Last year’s terrorist attacks on the United States illuminated capabilities for human harm and economic dislocation previously unimagined. Our president has articulated the determination of the world’s free nations to deal with such threats in a comprehensive and forceful manner lest they gain the upper hand and reduce our civilization to a collection of constantly warring clans—in effect, a throwback to the Dark Ages. This effort, as President Bush noted, will not be short-lived, nor will success be easy, but it must and will be pursued. Only through success can our world continue to move forward to new and greater levels of peace and prosperity and a better quality of life for all the world’s citizens.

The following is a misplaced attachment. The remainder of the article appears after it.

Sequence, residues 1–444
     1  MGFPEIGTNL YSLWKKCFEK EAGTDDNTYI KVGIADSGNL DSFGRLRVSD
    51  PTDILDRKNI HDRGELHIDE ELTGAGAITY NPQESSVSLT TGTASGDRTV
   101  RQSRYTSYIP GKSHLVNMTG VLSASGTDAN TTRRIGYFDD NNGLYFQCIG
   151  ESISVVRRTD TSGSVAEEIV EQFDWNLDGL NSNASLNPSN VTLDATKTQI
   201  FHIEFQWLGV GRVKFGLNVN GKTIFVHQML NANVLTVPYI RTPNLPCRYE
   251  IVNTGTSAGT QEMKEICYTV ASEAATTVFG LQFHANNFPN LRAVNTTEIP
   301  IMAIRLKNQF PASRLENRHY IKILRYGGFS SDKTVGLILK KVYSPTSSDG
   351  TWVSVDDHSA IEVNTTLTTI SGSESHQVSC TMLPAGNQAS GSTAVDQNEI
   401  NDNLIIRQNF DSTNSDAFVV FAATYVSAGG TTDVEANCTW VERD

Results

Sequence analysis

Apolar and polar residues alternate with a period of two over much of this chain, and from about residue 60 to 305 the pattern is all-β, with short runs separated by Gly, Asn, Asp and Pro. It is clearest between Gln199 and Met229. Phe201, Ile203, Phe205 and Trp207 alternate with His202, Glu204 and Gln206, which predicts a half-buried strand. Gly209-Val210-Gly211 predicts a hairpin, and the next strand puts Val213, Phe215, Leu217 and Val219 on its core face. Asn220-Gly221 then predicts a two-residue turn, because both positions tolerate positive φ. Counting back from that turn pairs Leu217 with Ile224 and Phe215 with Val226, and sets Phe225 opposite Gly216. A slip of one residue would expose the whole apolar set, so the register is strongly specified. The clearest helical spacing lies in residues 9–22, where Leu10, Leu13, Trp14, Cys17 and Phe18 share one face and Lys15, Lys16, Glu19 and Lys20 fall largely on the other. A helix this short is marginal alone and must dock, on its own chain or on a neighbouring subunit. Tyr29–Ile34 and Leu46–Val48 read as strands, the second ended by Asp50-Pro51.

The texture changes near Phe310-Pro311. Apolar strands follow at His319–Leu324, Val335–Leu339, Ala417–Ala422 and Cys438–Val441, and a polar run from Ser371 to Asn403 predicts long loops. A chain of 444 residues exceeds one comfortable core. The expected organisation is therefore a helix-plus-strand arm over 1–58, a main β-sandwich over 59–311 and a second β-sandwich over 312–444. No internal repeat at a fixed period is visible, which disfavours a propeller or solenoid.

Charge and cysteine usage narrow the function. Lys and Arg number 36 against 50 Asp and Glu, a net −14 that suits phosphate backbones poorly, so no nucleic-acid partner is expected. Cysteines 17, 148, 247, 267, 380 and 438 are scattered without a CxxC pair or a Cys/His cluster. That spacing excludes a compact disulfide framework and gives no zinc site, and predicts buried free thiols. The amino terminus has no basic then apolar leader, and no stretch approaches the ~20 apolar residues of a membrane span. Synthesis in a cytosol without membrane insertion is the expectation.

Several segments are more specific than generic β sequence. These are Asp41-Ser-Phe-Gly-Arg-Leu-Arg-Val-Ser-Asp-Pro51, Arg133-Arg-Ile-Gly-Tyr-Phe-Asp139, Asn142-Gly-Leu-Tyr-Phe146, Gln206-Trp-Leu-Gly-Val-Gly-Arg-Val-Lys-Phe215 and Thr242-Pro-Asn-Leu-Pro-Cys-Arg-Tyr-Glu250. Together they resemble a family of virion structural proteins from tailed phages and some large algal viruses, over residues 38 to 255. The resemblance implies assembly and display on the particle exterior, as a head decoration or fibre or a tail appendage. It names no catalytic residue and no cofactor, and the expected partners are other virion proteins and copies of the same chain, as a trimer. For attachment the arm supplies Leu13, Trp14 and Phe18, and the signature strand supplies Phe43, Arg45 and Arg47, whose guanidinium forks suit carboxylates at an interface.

One of the building blocks in creating more civilized and productive societies is an effective effort to deal with issues of fraud and corruption. Anticorruption efforts should not be thought of as some kind of abstract moral crusade of concern only to starry-eyed reformers, but must be viewed in practical terms as an integral component of the fashioning of the frameworks for progress in nearly every sphere of human endeavor.